Silver is a sneaky market
Silver can be a very wild market. Last year, the price moved from an eleven-year low to a seven-year high in five months. Silver is all about sentiment, so trends are critical. Silver has been outperforming gold over the past year. The silver-gold ratio reached an all-time high last March when silver fell to the lowest level since 2009, and gold remained above its bottom from 2019.
The daily chart of April gold divided by May silver futures shows that the ratio reached a high of 126.1 ounces of silver value in each ounce of gold on March 18, 2020. The value of silver versus gold reached its lowest level for silver and highest for the yellow metal since gold began trading on COMEX in 1974. Silver not only recovered against gold over the past year, but it took fewer than 65 ounces of silver to purchase an ounce of gold on March 1, the lowest level since mid-2014.
Silver can be a sneaky market as speculative, and investor demand for the metal drives the price. Silver offers market participants a far lower per ounce price than gold, wide price variance, and substantial returns when the price decides to move higher or lower. The current price consolidation is a healthy sign for the silver market as it digests the move to the $30 level for the first time since 2013. Market participants looking for a continuation of bullish price action in the commodities asset class could stampede into the silver market over the coming weeks and months. Copper is at a decade high, lumber recently rose to a record peak, and many other raw materials are at multi-year highs. Silver’s ultimate target is at the $50.36 high from 1980. I believe we will see a new record high in the silver market over the coming months and years, but it could be a very bumpy ride to the upside, as we witnessed in 2020.
Expect fireworks- Sooner rather than later
The industrial demand for silver continues to rise as the metal is a critical component in solar panels. However, it is speculative and investment demand that will eventually drive the price higher.
Markets across all asset classes are not going to sleep any time soon. Monetary and fiscal policies continue to weigh on fiat currencies’ purchasing power. Silver’s landscape has not been as bullish since 2008 through 2011, when the price moved from $8.40 to $49.82 per ounce. Meanwhile, with the stimulus and liquidity levels higher today than during the global financial crisis, the coming years could see an inflationary spike that ignites silver to prices analysts have yet to consider. Bull markets tend to rise to unreasonable, irrational, and illogical levels. Picking tops in a bull market has caused financial ruin for more than a few market participants.
Look to ride the silver market’s bumpy trends but hold onto a long core position in the metal. Never look to buy bottoms or sell tops. The goal should be to take a significant percentage out of price trends. When silver takes off to the upside, following the trend will allow you to stay in a long position without emotions for far longer than logic may dictate. Logic and markets can be mutually exclusive during parabolic moves.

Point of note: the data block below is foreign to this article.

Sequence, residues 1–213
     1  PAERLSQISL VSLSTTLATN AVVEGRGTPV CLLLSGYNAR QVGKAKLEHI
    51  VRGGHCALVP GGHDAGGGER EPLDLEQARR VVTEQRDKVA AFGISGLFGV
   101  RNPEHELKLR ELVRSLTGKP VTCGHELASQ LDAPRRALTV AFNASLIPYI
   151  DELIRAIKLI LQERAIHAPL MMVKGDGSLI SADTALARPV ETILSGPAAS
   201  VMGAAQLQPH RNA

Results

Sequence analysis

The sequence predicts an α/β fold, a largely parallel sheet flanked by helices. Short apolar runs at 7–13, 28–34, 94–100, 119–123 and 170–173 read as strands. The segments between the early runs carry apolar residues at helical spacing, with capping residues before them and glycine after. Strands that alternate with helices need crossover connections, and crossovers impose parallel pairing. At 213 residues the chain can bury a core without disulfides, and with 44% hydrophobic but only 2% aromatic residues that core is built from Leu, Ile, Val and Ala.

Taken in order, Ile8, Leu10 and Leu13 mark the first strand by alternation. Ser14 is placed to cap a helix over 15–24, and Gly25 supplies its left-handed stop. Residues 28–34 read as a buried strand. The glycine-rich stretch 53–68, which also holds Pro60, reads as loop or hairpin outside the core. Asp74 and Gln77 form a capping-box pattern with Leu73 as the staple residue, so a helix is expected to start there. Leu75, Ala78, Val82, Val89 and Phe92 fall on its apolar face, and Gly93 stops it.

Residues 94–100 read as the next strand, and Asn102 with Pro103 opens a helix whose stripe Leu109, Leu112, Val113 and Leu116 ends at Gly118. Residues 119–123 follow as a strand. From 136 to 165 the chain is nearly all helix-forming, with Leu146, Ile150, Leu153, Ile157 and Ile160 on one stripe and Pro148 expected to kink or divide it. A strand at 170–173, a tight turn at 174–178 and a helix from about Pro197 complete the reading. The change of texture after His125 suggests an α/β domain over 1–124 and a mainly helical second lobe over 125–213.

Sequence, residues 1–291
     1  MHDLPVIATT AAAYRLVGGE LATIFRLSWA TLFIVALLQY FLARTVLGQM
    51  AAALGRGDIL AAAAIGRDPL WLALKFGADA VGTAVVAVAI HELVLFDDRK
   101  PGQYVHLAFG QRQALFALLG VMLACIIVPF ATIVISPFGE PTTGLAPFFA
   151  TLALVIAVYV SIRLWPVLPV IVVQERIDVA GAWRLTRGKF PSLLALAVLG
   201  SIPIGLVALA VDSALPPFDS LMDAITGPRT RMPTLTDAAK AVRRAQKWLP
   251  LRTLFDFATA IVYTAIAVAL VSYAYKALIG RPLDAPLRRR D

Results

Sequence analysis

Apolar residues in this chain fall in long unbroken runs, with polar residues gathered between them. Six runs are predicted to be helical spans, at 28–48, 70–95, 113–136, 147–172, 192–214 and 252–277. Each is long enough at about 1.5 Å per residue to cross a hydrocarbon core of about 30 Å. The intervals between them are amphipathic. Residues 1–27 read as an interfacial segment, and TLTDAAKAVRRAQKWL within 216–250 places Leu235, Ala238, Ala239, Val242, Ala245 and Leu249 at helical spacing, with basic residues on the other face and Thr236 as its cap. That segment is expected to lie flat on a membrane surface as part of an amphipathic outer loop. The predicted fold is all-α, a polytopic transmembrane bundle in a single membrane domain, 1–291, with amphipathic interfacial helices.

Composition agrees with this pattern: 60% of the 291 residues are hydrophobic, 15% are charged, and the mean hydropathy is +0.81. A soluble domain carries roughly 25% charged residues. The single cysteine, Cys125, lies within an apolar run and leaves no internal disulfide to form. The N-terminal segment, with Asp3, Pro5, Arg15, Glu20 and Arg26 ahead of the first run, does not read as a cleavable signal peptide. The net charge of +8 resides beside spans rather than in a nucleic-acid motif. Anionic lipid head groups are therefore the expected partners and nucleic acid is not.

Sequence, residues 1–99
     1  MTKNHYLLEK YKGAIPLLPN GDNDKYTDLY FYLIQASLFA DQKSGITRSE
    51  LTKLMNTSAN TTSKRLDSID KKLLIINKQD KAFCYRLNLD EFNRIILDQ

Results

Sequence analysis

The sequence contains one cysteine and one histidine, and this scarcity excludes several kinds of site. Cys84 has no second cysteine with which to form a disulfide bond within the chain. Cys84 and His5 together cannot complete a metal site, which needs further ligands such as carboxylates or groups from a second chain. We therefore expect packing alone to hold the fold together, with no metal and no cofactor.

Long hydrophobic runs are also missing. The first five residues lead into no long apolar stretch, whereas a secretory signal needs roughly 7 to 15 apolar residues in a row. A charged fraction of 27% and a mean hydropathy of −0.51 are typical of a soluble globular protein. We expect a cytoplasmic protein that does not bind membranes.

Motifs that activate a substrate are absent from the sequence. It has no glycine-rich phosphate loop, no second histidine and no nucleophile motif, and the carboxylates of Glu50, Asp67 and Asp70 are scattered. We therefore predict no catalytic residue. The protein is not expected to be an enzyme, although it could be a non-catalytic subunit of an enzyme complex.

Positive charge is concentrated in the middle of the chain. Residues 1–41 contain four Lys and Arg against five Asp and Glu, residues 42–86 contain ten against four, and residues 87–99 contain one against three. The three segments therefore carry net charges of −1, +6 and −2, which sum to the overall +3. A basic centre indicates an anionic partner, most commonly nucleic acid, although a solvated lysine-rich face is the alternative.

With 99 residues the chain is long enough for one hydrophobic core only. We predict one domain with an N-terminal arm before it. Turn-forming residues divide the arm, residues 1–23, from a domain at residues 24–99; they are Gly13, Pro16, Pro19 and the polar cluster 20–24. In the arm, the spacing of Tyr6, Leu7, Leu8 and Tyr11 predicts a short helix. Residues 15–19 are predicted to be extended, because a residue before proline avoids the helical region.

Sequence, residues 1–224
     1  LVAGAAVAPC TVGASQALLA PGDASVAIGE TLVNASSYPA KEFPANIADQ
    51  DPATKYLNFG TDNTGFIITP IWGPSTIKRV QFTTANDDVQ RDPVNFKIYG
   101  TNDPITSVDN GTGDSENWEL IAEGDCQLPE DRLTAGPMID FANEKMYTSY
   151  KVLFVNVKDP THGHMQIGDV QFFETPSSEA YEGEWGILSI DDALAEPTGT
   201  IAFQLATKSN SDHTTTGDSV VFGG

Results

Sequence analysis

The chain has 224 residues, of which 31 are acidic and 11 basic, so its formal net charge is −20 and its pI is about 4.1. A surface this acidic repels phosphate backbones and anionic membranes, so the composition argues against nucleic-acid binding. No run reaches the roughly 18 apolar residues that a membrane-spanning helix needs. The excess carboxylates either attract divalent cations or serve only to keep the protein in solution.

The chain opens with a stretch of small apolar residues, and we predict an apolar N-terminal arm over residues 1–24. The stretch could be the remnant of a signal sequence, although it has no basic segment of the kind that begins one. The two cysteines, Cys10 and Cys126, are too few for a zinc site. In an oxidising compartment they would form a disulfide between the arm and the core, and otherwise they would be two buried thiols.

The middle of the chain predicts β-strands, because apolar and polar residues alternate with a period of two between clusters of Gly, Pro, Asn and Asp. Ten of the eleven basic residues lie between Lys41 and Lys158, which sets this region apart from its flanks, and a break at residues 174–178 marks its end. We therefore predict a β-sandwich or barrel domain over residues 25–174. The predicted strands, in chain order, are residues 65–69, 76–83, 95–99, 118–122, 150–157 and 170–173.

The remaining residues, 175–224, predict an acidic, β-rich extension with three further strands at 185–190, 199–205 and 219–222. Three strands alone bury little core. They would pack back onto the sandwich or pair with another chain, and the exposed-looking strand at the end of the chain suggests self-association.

At some point, I expect silver to move into a parabolic period. Be prepared to enjoy the ride. The mining shares ETF products, SIL and SILJ, could be excellent tools for trading silver market trends as they provide leverage without time decay.
The Hecht Commodity Report is one of the most comprehensive commodities reports available today from a top-ranked author in both commodities, forex, and precious metals. My weekly report covers the market movements of over 20 different commodities and provides bullish, bearish, and neutral calls; directional trading recommendations, and actionable ideas for traders.
This article was written by
Andy spent nearly 35 years on Wall Street, including two decades on the trading desk of Phillip Brothers, which became Salomon Brothers and ultimately part of Citigroup.Over the past two decades, he has researched, structured and executed some of the largest trades ever made, involving massive quantities of precious metals and bulk commodities.
Andy understands the market in a way many traders can’t imagine. He’s booked vessels, armored cars, and trains to transport and store a broad range of commodities. And he’s worked directly with The United Nations and the legendary trading group Phibro.
Today, Andy remains in close contact with sources around the world and his network of traders.
“I have a vast Rolodex of information in my head… so many bull and bear markets. When something happens, I don’t have to think. I just react. History does tend to repeat itself over and over.”
His friends and mentors include highly regarded energy and precious metals traders, supply line specialists and international shipping companies that give him vast insight into the market.
Andy’s writing and analysis are on many market-based websites including CQG. Andy lectures at colleges and Universities. He also contributes to Traders Magazine. He consults for companies involved in producing and consuming commodities. Andy’s first book How to Make Money with Commodities, published by McGraw-Hill was released in 2013 and has received excellent reviews. Andy held a Series 3 and Series 30 license from the National Futures Association and a collaborator and strategist with hedge funds. Andy is the commodity expert for the website about.com and blogs on his own site dynamiccommodities.com. He is a frequent contributor on Stock News- https://stocknews.com/authors/?author=andrew-hecht
Analyst’s Disclosure: I/we have no positions in any stocks mentioned, and no plans to initiate any positions within the next 72 hours. I wrote this article myself, and it expresses my own opinions. I am not receiving compensation for it (other than from Seeking Alpha). I have no business relationship with any company whose stock is mentioned in this article.
The author always has positions in commodities markets in futures, options, ETF/ETN products, and commodity equities. These long and short positions tend to change on an intraday basis. The author is long silver.